Can I join a Ciekiewicz and Biernacki fan club?



In the movie Callas, Forever, Maria Callas played by Fanny Ardant says God answers prayers, but the problem is that we ask for the wrong things.  Regardless of religious beliefs, most of us ask for things or want something at one time or another.  I spend a lot of time wanting the wrong things.  But as I awoke today feeling aged, worn out, and irrelevant, I wanted to be enlightened, to find meaning in the wasteland that life sometimes appears to be.  No small order, right?

The answer came.  My request was answered at the Millennium Concert Series performance with soprano Lara Ciekiewicz and Tadeusz Biernacki in the form of poetry, musical poetry.  Their collaborative music was a revelation that penetrated to the deepest of one’s core.

Ciekiewicz’s voice resonated in a powerful magic that spellbound everyone.  Tears swelled in my eyes from her opening notes of the Kálmán piece.

Ciekiewicz.  Her presence — captivating.  Her voice and acting — nuanced in a palette of colours.  Her generosity — boundless.  To choose a word for the collaboration between Ciekiewicz and Biernacki — transformative.  Ciekiewicz’s voice pulls the audience toward the centre of an answer, to life’s very meaning itself, with the gravity of a black hole whose centre is a supernova explosion of beauty.  The answer, my friend, is music.  It must be.

During Dvorák’s Gypsy Songs Lara prefaced the pieces by saying they are about love and death.  The piano and voice carried us on a meditative journey, a peaceful one resonating with a message that everything is okay.  And in that sacred space of the Roman-pillared hall everything was okay.  I felt an answer in that delicate state of being present that life’s questions will be resolved with a surety equal to the piano’s final notes of the seventh piece.

With the Mozart aria, “E Susanna non vien…Dove sono” from Le Nozze di Figaro came more tears on my part.  Any doubt that had bred in me before about anything vanished as music transported the audience to extra dimensions.  Who needs space travel when you can travel through music here in the musical city of Winnipeg?  Listening to Mozart, especially sung in the clear yet resonant tones of Lara Ciekiewicz, can only be described as a spiritual experience.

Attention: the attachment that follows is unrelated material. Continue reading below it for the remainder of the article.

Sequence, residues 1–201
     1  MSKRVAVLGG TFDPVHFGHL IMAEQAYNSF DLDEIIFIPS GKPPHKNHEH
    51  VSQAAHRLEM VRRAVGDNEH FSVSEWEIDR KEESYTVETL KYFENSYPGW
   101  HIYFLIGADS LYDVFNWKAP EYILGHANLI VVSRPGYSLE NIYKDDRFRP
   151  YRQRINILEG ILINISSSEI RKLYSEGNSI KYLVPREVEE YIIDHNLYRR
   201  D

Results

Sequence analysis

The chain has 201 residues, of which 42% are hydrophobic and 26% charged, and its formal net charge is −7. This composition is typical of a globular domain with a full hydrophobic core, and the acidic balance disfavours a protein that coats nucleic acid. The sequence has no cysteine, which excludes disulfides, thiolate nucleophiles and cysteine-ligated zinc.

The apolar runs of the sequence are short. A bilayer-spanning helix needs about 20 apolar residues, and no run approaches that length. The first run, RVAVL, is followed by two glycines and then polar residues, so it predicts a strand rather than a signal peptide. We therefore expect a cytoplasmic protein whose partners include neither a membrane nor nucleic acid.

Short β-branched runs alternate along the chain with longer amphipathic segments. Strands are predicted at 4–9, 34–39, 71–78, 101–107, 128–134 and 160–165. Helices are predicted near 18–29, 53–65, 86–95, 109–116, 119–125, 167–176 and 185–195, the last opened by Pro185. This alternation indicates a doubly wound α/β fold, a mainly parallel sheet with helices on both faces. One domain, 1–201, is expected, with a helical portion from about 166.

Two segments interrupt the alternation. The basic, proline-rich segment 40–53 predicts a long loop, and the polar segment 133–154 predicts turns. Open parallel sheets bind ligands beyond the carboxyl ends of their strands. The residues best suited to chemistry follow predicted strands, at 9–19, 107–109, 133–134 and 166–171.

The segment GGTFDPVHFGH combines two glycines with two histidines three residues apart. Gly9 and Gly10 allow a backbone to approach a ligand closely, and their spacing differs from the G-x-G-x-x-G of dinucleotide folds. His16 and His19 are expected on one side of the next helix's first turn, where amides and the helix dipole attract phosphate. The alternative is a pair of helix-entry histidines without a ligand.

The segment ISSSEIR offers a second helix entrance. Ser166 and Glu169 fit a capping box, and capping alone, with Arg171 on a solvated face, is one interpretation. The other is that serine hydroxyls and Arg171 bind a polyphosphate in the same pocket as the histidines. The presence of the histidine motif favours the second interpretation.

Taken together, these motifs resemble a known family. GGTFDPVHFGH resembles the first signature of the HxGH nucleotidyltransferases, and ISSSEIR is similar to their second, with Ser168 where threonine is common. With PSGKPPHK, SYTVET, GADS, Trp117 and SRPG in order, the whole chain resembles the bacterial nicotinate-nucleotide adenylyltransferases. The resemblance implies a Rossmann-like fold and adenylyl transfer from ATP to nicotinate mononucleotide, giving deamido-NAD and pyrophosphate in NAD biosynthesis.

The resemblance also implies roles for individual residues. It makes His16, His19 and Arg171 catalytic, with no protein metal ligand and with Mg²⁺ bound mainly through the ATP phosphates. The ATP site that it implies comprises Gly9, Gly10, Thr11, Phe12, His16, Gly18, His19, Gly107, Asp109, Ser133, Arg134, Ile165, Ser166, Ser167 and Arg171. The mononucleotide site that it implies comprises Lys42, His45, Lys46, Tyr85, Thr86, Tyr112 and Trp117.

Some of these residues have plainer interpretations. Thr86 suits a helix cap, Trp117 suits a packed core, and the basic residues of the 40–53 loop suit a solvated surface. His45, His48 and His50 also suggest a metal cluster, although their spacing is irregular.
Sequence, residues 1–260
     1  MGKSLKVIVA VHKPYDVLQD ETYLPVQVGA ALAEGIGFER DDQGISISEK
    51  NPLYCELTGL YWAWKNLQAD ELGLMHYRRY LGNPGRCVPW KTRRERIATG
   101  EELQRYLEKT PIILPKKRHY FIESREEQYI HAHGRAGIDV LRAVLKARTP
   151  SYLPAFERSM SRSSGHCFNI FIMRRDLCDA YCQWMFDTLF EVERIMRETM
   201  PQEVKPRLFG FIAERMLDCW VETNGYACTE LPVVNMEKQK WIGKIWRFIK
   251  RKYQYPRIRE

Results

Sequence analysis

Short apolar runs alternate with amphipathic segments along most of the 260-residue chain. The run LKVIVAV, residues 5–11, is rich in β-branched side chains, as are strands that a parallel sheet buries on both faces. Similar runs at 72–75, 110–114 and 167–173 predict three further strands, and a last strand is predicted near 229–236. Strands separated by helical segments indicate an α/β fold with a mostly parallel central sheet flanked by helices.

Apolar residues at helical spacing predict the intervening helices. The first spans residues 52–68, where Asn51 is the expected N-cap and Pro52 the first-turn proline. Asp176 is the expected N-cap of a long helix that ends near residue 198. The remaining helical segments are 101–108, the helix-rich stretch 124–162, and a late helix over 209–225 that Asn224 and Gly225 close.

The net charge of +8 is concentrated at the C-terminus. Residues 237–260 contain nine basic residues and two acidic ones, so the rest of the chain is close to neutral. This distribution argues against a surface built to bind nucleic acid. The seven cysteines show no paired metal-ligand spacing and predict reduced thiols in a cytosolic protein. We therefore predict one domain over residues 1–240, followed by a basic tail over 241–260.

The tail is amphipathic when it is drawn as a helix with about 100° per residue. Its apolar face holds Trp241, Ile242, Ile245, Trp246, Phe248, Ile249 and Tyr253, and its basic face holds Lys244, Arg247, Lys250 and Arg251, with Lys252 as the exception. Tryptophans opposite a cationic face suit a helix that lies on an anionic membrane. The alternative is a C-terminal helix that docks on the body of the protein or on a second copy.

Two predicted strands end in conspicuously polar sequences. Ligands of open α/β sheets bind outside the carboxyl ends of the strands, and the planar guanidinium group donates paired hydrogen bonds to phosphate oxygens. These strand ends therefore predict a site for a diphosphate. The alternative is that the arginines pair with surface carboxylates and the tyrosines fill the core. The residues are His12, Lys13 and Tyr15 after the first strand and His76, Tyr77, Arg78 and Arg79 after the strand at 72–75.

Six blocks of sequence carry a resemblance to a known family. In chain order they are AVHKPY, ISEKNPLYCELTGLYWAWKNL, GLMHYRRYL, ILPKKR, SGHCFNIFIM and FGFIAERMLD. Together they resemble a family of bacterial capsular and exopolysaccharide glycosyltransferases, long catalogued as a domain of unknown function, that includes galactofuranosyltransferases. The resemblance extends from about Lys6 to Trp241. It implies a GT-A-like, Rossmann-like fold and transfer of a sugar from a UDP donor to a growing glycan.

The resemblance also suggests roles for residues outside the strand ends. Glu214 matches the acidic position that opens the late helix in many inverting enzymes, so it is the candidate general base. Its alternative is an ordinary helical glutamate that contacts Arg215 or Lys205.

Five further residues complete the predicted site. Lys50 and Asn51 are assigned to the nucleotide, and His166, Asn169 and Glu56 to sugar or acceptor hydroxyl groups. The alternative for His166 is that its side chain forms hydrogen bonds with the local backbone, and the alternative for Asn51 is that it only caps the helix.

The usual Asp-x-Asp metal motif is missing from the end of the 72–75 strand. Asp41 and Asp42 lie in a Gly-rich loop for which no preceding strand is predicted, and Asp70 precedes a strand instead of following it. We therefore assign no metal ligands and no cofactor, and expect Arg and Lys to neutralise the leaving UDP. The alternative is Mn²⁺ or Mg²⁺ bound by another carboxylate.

The musical theatre selection uplifted and also guided the heart and spirit.  In the Sondheim piece “No One Is Alone” from Into the Woods was the text that people make mistakes.  Forgive my ignorance for the context of these words, but they brought to me the peace of a confession and an offered forgiveness.

Lara introduced “Edelweiss” from The Sound of Music by presenting it as a protest song and to illustrate the relevance of music on the world stage.  She told us to do our part and be good, if recollection serves.  The song did good for the audience as she invited us to sing, to participate, to join her in song in a white musical purity.

I’m privileged to recently have attended concerts performed by Evgeny Kissin, Leon Fleisher, and Rolando Villazón.  Kissin’s virtuosity is unparalleled.  Every note Fleisher plays unveils his genius.  And Villazón.  His joy, playfulness, sonority, and relaxed posture are as instructive as years of vocal lessons.  But I feel privileged here in Winnipeg too to bear witness to the paragons of musical gifts offered by talents such as Lara Ciekiewicz and Tadeusz Biernacki.  Thank you for sharing your gifts.








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